Should we use sea ice extent or sea ice area? Petty et al have just confirmed that 2016 higher than expected minimum sea ice extent was due to low compactness. They also think that going forward sea ice area would be a better metric than sea ice extent (but is sea ice area metric enough reliable ?)

http://nora.nerc.ac.uk/id/eprint/519372/1/Petty.pdf

"Abstract. The Arctic sea ice cover of 2016 was highly noteworthy, as it featured record low monthly sea ice extents at the start of the year but a summer (September) extent that was higher than expected by most seasonal forecasts. Here we explore the 2016 Arctic sea ice state in terms of its monthly sea ice cover, placing this in the context of the sea ice conditions observed since 2000. We demonstrate the sensitivity of monthly Arctic sea ice extent and area estimates, in terms of their magnitude and annual rankings, to the ice concentration input data (using two widely used datasets) and to the averaging methodology used to convert concentration to extent (daily or monthly extent calculations). We use estimates of sea ice area over sea ice extent to analyse the relative “compactness” of the Arctic sea ice cover, highlighting anomalously low compactness in the summer of 2016 which contributed to the higher than-expected September ice extent. Two cyclones that entered the Arctic Ocean during August appear to have driven this low-concentration/compactness ice cover but were not sufficient to cause more widespread melt-out and a new record-low September ice extent. We use concentration budgets to explore the regions and processes (thermodynamics/dynamics) contributing to the monthly 2016 extent/area estimates highlighting, among other things, rapide intensification across the central eastern Arctic through September. Two different products show significant early melt on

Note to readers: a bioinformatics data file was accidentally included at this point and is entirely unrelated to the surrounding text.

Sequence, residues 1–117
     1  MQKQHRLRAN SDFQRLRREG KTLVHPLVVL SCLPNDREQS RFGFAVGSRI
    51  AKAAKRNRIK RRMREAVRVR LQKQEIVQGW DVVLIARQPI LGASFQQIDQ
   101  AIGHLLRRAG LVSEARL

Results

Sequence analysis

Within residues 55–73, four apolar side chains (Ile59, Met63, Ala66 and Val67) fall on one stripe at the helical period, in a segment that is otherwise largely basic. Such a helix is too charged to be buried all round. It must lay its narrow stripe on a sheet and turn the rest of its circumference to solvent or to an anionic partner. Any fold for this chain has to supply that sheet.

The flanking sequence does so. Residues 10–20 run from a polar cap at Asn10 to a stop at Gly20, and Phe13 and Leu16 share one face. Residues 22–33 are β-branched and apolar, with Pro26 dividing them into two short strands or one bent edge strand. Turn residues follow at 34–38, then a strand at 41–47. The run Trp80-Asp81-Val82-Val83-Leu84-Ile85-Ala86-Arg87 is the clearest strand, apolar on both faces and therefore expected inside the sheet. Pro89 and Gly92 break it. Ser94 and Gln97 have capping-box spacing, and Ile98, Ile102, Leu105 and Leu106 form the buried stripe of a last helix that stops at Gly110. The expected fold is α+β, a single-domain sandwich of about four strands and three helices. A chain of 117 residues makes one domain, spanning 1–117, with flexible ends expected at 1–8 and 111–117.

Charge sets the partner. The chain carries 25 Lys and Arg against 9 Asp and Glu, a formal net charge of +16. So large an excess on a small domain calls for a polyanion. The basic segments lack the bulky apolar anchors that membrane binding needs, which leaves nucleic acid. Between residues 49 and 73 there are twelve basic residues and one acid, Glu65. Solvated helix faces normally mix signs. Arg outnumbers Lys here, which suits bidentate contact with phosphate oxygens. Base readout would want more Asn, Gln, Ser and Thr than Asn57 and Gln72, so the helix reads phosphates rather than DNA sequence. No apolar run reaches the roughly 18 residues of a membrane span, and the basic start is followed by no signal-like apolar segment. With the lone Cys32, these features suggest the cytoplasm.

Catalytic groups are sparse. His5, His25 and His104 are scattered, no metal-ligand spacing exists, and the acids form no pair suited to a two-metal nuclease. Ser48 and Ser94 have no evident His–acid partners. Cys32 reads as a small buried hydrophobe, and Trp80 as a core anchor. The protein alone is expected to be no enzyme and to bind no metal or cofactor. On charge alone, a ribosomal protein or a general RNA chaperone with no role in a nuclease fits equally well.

set across the Arctic Ocean in 2016, including record-early melt onset in the North Atlantic sector of the Arctic. Our resultsalsoshowrecord-late2016freeze-upinthecentralArctic, North Atlantic and the Alaskan Arctic sector in particular, associated with strong sea surface temperature anomalies that appeared shortly after the 2016 minimum (October onwards). We explore the implications of this low summer ice compactness for seasonal forecasting, suggesting that sea ice area could be a more reliable metric to forecast in this more seasonal, “New Arctic”, sea ice regime."


Dharma Rupa

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Re: 2018 Melting Season - Predictions and Speculation
« Reply #17 on: March 23, 2018, 11:43:40 PM »
...They also think that going forward sea ice area would be a better metric than sea ice extent (but is sea ice area metric enough reliable ?)